Educators live in fear of even “denting” someone’s self esteem. The Physcobable crowd has convinced everyone that children’s egos are so fragile that they will be scarred for life at the first hint of failure.

No one likes to fail, but to me, failure promotes thought and reason. If something doesn’t work, curiosity should kick in and thought processes will find out why the failure occurred.

OK, now I’m off my soap box.


-- Lew- Time traveler. Purveyor of the Universe's finest custom rolling pins.

View brianinpa's profile


1812 posts in 4740 days

#4 posted 02-01-2009 05:27 AM

”...we should never be afraid to try, never be afraid to fail.”

Chris that is some excellent advise in not only wood working but life in general. For every success there is at least one failure behind that success.

-- Brian, Lebanon PA, If you aren’t having fun doing it, find something else to do.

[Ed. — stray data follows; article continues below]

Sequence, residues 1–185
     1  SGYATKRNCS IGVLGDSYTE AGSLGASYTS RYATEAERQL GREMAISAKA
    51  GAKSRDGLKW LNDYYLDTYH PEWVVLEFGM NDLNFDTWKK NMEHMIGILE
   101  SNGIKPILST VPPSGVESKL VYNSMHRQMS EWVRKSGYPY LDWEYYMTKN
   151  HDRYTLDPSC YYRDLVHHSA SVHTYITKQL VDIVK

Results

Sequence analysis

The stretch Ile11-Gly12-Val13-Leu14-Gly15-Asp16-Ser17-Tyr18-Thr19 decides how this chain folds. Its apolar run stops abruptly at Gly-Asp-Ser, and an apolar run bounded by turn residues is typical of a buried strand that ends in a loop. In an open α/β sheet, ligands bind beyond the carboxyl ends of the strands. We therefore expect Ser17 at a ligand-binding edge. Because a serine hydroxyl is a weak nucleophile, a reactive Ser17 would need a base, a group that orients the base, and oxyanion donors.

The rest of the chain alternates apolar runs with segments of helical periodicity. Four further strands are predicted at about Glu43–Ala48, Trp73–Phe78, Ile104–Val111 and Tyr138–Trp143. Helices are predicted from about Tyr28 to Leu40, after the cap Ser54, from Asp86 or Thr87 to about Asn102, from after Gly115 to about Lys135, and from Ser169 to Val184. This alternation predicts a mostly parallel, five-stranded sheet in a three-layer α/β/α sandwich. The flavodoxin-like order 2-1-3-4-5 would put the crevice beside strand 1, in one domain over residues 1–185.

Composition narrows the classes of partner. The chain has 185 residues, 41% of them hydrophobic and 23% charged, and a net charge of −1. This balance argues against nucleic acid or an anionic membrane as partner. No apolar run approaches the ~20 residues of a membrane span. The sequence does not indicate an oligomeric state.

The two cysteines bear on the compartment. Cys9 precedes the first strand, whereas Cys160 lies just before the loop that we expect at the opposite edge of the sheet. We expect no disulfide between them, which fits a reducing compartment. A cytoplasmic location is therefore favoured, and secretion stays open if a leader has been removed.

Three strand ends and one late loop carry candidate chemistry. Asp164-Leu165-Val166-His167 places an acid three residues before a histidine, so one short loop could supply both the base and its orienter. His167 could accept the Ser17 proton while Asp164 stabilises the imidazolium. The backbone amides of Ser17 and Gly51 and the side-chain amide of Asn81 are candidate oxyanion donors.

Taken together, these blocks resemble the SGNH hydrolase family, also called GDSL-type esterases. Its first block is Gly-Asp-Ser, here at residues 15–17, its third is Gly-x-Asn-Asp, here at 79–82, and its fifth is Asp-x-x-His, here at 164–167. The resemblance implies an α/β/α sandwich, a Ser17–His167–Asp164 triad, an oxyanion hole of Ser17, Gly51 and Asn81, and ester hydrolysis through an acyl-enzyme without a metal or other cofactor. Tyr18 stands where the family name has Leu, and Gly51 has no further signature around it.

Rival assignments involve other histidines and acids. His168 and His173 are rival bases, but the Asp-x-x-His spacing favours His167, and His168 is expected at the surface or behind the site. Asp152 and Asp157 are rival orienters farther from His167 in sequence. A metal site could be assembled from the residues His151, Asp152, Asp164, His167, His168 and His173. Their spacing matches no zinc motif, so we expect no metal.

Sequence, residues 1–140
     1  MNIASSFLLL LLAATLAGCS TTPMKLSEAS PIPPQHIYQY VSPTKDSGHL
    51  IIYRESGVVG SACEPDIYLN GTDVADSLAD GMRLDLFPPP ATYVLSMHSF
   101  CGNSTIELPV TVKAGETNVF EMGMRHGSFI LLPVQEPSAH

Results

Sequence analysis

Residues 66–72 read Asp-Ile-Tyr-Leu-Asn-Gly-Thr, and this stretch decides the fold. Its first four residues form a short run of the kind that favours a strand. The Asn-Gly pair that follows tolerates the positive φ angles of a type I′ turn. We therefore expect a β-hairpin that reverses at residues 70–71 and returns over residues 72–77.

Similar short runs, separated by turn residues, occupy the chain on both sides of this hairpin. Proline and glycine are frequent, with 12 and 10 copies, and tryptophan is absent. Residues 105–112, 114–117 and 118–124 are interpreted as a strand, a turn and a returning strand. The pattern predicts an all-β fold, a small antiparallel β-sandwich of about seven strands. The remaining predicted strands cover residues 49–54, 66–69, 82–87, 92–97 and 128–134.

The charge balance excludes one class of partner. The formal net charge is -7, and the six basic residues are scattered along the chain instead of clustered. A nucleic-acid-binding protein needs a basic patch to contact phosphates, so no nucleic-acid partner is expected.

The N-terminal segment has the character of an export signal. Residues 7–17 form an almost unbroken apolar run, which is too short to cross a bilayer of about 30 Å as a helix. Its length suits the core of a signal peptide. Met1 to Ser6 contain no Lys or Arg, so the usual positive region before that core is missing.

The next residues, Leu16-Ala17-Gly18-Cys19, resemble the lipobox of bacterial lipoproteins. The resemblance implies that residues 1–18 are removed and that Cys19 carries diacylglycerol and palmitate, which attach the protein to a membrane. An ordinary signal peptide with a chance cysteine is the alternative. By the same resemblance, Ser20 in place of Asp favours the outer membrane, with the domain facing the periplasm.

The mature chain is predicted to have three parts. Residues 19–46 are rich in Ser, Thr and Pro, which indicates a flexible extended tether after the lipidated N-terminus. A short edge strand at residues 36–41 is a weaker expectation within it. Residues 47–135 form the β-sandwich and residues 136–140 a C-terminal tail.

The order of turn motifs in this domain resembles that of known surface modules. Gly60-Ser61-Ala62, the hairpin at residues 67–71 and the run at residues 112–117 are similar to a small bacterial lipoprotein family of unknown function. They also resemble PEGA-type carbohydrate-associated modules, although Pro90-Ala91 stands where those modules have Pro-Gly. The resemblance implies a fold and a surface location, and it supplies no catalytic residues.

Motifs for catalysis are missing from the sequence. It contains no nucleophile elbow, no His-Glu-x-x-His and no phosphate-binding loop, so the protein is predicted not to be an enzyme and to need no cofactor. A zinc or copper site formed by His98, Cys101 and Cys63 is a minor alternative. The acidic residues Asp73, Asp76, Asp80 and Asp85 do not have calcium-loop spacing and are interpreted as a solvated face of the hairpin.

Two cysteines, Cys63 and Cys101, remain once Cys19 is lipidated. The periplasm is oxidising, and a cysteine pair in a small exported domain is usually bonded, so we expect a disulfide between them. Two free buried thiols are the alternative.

View Betsy's profile


3394 posts in 4913 days

#5 posted 02-01-2009 09:01 AM

Failing is good and letting others know about it is pretty good too. I think that’s why I blog so much. It makes me feel better and lets others chime in to help me with ideas and encouragement. I learn alot by showing how I screwed up.

I agree with you Lew. Kids are not allowed to fail and that will only be for our society’s detriment in the long run.

-- "Our past judges our present." JFK - 1962; American Heritage Magazine

View brewtang's profile


15 posts in 4530 days

#6 posted 02-01-2009 05:26 PM

As someone who was there…you did a great job Chris. And you also bring up a good point. Hand work has always been something I’ve been interested in, but I never knew where to start. This is a good a place as any.

-- Billy, Jacksonville

View rtb's profile


1101 posts in 4730 days

#7 posted 02-02-2009 05:07 AM